1. What is your real name?
Robyn (and son)
2. Where is your home location?
3. When did you start Geocaching?
We were doing a similar orienteering activity for Mountaineering and adventure trips in the late 1990s before Geocaching became a thing. We would place containers for the students or clients before backpacking class, rock climbing or canoeing trip, then give them a bearing and paces. First team to find the "final" would get a cool prize (I continue to use geocaching to teach students). Since I tried to steer clear of unreliable electronic technology for backcountry navigation back then, I geocached intermittently once the sport was more accessible, mostly when I had a device, adequate signal (I lived in the wilderness many years), or extra time between full time work and parenting. I never logged finds and opened the TeamCurvy account in 2010. After we recovered from a difficult childbirth, my son and I started caching together in 2012. We have placed caches in several states and found many caches around the world.
4. How did you learn about Geocaching?
I learned about orienteering and geocaching through my love for outdoor adventure, taking classes, reading books, exploring new caching areas, and my network of professionals in conservation and outdoor recreation. I first heard about it in Iowa during my undergraduate studies and work. I eventually finished a Ph.D. in Outdoor Recreation and Natural Resource Management, and taught geocaching to many students and clients. I remember as a kid traveling, reading maps, exploring parks, and playing navigation games with my family which set the stage. Since 1996 (first job working at West Lake Park), I used maps and compasses for work then eventually GPS units, GIS software, and similar containers like ammo cans in my outdoor professions like natural resource research / management and adventure guiding, so geocaching was a natural fit. We used ammo cans for keeping food and supplies dry on whitewater rafting trips, for example. In terms of "Muggles," well, I read the Harry Potter series back then and again this past month with my son, so...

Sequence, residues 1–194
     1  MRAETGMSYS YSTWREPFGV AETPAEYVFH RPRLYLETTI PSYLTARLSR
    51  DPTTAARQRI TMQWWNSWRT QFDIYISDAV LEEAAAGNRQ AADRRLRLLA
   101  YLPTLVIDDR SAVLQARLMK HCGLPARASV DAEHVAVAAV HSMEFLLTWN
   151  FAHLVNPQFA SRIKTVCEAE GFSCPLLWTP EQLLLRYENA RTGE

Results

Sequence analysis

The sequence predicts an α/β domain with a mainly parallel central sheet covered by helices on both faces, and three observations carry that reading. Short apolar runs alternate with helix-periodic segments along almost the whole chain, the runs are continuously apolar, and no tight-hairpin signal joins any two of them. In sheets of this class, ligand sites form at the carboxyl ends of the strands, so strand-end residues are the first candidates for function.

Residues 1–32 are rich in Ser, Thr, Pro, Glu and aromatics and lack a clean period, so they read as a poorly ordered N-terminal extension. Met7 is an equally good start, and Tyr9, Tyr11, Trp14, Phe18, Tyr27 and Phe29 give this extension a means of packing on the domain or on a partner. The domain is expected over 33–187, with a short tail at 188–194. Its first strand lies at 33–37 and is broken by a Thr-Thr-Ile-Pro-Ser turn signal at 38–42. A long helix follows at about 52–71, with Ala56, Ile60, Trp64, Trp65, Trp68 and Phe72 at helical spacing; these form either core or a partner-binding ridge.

5. What is your favorite part of Geocaching?
The ability to educate and instill a meaningfulness and love for natural resource conservation. Learning navigation, abstract and critical thinking skills. Exercising our brains and bodies to find (or not find) caches. We also really like placing cool caches and passing on the joy of caching to others. The variety and locations of geocaches are unbelievable and instill a sense of hope and awe of the geocaching community. Working with park managers to develop meaningful caches.
6. What types of caches do you enjoy most?
We enjoy them all. Depends on the situation... in a hurry? Park and grab. Looking for an excursion? Geoart. Need motivation to get out of the house and find something new? Pretty much any cache. My son prefers regular sized or larger caches placed in remote areas with gadgetry or treasures. I acquiesce his likes because it makes life more enjoyable, but I find caches in difficult terrain / remote nature areas fun and challenging.
7. What is the favorite cache you’ve found?
Bear Claw, Moab, Utah. The hike is incredible. The find is very adventurous. The experience is one of a kind.
8. Outside of Geocaching, what other hobbies/interests do you enjoy?
My son and I read a ridiculous amount of books and write when it's dark out or the weather is nasty. We have a super cool butterfly garden and yard with lots of flowers to support pollinators. When we are not geocaching, working or going to school, you can find us helping the community, playing instruments, doing art, telling jokes, playing toys/games, or goofing off on a bike, in the water, on the snow, or climbing up something in the middle of nowhere.